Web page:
Kohrra is a 6 part series on Netflix that’s being called one of the best binge-worthy shows of 2023. It’s way more than that. If I were you I would not binge on it because each episode is better savoured than hastily chewed.
At first glance, the overt story is about a murder investigation in the gloomy backdrop of small town Punjab ridden with thwarted ambitions, unfulfilled desires, overflowing jealousy and a rotting drug problem. Two average cops with nothing special to boot on the surface level fall prey to their own prejudices and struggle to make breakthroughs in their investigation. But there is also this covert story sewn in the fabric of the screenplay, that attempts to explore the human psyche, without making a statement about it. What’s particularly impressive is how the clues that could solve the overt murder case are sprinkled through the layers of the covert theme of human failings, one of which is, love.
“Love is a bitch. It can make you fall for anyone.” Balbir Singh (Suvinder Vicky), the protagonist declares to his subordinate, Garundi (Barun Sobti), attempting to sum up the central theme of the show. Now how is a show involving a gory murder, in the backdrop of an ostentatiously unglamorous small town, about love? Turns out it is.
An NRI family has travelled from the UK to their village to get their son, Paul, married. A day before marriage he gets murdered while his British friend, Liam is reported missing. The two cops on this case who are under immense pressure, as the victims are foreign nationals, are no heroes. Balbir is jaded by an under-average career, blunted by his small-town mindset and haunted by a dysfunctional family. While Garundi has the advantage of age on his side, he is only as good as his training, which is mostly about beating the “truth” out of poor and helpless suspects. The only thing heroic about him is his loyalty or love towards Balbir, which leads him into planning a daring attack when his mentor is kidnapped.
That’s a narrative that Kohrra subtly weaves all through with its storytelling: Love can make you do unpredictable things, whether it’s a murder, a foolhardy rescue or an attempt to blow up a wedding!
Episode by episode, as the murder mystery unravels slowly, the characters reveal their failings systematically without even meaning to. Paul’s reticent father has the baggage of stifling his son into following his own staunch beliefs, while his younger brother is suffering with silent resentment because he was the primary caregiver for their ailing sister when the elder stayed in London. The conflict has predictably transferred to the younger generation where, Happy, the desi cousin, is envious of Paul for hijacking his father’s love and respect. This has resulted in a misguided attempt to cause a road accident intended to kill Paul.
The soon-to-be bride has broken up with her artsy but directionless boyfriend because she has ambitions to move to the UK. The jilted boyfriend is suffering from heartbreak and dealing with it by writing overtly threatening songs and attacking his rival on impulse. The protagonist Balbir is haunted by his less-than-ideal past while his daughter has left her perfectly normal and good-natured husband without an “acceptable” reason. Garundi lives a suffocated life at home with his brother and sister-in-law, who want him not to grow out of their shadow, from fear of him getting married and claiming his rights over their land.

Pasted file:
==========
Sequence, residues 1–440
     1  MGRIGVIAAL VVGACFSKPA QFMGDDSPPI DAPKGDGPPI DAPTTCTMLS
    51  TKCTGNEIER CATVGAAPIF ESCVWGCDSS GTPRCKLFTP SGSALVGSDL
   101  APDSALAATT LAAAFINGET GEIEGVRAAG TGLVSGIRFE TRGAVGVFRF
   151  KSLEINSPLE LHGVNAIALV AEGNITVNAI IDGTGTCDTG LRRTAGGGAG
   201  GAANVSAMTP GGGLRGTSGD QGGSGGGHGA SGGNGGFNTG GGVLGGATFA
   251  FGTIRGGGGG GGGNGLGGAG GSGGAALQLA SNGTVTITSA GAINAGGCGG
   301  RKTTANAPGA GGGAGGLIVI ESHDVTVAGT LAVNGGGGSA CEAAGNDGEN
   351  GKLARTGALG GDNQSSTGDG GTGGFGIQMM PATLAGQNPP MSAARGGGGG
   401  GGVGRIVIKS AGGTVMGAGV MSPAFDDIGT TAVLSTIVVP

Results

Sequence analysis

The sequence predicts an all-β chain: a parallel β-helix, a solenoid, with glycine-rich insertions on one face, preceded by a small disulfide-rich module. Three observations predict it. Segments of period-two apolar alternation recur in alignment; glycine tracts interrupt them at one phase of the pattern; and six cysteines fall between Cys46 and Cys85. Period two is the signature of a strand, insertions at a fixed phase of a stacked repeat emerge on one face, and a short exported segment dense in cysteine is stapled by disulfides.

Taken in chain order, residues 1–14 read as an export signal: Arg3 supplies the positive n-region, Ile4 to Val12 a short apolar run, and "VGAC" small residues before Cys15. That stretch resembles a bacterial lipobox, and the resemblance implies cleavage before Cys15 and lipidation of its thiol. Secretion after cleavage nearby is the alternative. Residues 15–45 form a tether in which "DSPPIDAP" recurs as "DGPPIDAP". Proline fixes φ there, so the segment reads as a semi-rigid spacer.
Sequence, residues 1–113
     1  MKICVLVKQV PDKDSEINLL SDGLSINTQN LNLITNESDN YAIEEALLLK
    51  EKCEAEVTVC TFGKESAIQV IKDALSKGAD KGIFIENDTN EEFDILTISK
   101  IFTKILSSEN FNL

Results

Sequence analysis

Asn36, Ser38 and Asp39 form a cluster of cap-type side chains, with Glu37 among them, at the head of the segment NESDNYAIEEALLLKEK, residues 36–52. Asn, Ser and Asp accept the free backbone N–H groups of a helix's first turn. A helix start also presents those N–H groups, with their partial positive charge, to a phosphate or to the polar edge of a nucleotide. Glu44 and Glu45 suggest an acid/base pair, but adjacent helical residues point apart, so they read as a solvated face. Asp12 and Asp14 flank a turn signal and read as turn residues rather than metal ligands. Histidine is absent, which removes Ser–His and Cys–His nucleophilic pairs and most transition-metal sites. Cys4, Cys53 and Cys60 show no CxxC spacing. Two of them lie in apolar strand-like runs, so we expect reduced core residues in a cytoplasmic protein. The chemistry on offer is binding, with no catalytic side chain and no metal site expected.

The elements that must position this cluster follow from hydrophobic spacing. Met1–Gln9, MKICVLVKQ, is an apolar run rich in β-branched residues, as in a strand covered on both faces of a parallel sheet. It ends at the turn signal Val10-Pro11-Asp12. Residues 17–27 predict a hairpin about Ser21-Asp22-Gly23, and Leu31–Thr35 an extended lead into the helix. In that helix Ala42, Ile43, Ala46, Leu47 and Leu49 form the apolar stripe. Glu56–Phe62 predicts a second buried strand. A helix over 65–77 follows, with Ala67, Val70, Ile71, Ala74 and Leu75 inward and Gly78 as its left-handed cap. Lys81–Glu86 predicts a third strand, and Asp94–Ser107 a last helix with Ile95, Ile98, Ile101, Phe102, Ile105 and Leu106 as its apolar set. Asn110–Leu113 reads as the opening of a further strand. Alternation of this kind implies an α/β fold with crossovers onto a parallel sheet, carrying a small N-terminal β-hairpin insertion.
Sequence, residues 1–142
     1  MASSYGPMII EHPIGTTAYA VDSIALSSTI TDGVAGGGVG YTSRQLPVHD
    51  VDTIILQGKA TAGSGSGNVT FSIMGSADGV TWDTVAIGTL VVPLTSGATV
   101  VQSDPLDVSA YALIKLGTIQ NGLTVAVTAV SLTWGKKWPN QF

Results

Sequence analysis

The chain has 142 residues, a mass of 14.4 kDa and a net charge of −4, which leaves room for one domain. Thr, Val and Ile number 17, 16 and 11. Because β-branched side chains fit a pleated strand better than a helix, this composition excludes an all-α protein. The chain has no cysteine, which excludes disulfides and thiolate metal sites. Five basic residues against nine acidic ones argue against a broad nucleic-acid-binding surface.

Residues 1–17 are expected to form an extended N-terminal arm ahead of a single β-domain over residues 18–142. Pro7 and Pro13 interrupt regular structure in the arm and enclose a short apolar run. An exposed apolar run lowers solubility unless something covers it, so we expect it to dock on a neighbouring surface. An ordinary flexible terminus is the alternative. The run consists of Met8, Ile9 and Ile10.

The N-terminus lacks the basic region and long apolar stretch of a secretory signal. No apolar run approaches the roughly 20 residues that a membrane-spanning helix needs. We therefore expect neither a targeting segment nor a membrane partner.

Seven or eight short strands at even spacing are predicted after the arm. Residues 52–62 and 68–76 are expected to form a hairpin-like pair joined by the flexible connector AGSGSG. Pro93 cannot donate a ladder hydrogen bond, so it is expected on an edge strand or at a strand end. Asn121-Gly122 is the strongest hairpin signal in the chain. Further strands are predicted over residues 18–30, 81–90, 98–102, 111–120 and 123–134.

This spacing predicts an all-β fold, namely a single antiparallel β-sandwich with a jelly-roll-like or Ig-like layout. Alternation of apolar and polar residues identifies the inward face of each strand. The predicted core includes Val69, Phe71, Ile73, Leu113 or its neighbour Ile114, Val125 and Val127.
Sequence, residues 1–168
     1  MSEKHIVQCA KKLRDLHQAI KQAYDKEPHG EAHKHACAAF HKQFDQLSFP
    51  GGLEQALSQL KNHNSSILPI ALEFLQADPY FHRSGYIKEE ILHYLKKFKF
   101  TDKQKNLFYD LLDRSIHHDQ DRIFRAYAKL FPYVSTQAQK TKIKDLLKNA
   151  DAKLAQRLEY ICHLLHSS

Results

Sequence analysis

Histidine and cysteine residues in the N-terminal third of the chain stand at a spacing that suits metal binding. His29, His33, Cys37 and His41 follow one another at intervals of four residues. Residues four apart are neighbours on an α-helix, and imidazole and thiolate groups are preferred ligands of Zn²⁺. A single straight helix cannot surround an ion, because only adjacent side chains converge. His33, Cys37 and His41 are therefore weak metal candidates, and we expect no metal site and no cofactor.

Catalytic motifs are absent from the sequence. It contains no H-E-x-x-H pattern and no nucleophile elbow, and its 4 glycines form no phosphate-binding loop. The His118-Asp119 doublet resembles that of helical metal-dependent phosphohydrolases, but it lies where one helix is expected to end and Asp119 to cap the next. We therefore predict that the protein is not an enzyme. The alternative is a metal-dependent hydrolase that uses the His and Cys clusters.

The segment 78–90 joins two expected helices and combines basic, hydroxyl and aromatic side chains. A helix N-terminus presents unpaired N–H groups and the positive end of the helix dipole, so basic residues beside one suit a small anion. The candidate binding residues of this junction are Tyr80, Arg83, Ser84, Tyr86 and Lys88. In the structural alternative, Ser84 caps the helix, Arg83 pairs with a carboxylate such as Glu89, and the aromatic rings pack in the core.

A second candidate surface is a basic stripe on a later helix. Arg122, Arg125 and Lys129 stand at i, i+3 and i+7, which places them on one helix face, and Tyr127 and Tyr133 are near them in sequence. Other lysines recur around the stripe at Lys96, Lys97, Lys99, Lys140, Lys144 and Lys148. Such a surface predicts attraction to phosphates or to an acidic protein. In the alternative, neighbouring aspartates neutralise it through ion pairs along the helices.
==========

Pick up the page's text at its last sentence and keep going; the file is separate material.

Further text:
Walking through this maze of distorted forms of love, the audience needs to pick up the clues of the murder. You wonder when everything else is about love, how can the motive not be? Our two cops with their obvious limitations, might confuse it with the predictable reasons of a land dispute, jealousy or even addiction. Whereas as the involved viewer you are challenged to look beyond the obvious, or at the most obvious, depending on who you are.
There are questions to be asked. Why is Liam missing? Why does the small town’s judgemental outlook on sex, make it to the foreground in almost every episode? And slowly the fog starts to clear. The fog that covers this town is both mythical and physical. It’s not just the roads or fields that are foggy, it’s the handicapped mindset that makes it difficult to see and accept the obvious. This mental fog causes fathers to not see their children, whether the rich and affluent Dhillons or our unassuming middle-class Balbir. It’s the same fog that clouds Garundi ‘s brains into presuming the rapper ex-boyfriend or the drug addict as culprits. While the actual murder takes place in a field shrouded by darkness and kohrra, almost every character in the show has died a little due to the unforgiving fogginess of the constricted social fabric.
Air-tight scripting and excellent direction are complemented by winning performances. Suvinder Vicky’s subdued portrayal of an old demotivated man who goes through short alternative bursts of anger and self-pity or Barun Sobti’s ability to camouflage so well as this generally unremarkable cop who tries hard to hide his emotional temperament with sarcasm and abuses, give the show its heart. The supporting cast is excellent in equal measure and makes almost every scene either moving or jarring for the audience.
Kohrra dares to end with hope. Parents realise their follies and offer small liberties as a testament to the change. Amarpal Garundi gets his happily ever after and Balbir Singh is forgiven for an inhuman act of the past because he faces his devil. The bride gets a second chance at life through a second NRI marriage prospect and the Dhillon brothers end their rivalry. Even through the gritty and sombre storytelling, hope passes through the deliberately constructed cracks and that, as a summation, is what is so special about this Netflix offering.
Written by Tulika Dubey